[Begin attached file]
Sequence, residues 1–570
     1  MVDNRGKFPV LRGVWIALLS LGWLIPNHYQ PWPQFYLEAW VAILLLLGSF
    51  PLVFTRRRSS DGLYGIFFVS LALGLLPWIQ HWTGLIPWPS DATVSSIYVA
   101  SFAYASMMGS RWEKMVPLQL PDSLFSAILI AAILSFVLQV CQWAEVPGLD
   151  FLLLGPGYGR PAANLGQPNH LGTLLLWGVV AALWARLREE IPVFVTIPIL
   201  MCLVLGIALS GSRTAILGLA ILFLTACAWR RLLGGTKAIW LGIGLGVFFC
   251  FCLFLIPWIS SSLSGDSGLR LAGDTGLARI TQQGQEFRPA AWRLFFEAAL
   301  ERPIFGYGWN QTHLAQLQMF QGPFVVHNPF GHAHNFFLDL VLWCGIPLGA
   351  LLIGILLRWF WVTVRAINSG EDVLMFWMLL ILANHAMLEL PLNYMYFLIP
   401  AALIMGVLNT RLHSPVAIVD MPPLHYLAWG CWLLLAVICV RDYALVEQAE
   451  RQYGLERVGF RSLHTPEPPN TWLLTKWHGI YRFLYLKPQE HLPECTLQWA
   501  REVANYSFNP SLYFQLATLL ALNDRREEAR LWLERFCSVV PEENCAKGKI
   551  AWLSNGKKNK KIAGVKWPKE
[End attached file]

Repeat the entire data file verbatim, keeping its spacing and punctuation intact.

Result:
Sequence, residues 1–570
     1  MVDNRGKFPV LRGVWIALLS LGWLIPNHYQ PWPQFYLEAW VAILLLLGSF
    51  PLVFTRRRSS DGLYGIFFVS LALGLLPWIQ HWTGLIPWPS DATVSSIYVA
   101  SFAYASMMGS RWEKMVPLQL PDSLFSAILI AAILSFVLQV CQWAEVPGLD
   151  FLLLGPGYGR PAANLGQPNH LGTLLLWGVV AALWARLREE IPVFVTIPIL
   201  MCLVLGIALS GSRTAILGLA ILFLTACAWR RLLGGTKAIW LGIGLGVFFC
   251  FCLFLIPWIS SSLSGDSGLR LAGDTGLARI TQQGQEFRPA AWRLFFEAAL
   301  ERPIFGYGWN QTHLAQLQMF QGPFVVHNPF GHAHNFFLDL VLWCGIPLGA
   351  LLIGILLRWF WVTVRAINSG EDVLMFWMLL ILANHAMLEL PLNYMYFLIP
   401  AALIMGVLNT RLHSPVAIVD MPPLHYLAWG CWLLLAVICV RDYALVEQAE
   451  RQYGLERVGF RSLHTPEPPN TWLLTKWHGI YRFLYLKPQE HLPECTLQWA
   501  REVANYSFNP SLYFQLATLL ALNDRREEAR LWLERFCSVV PEENCAKGKI
   551  AWLSNGKKNK KIAGVKWPKE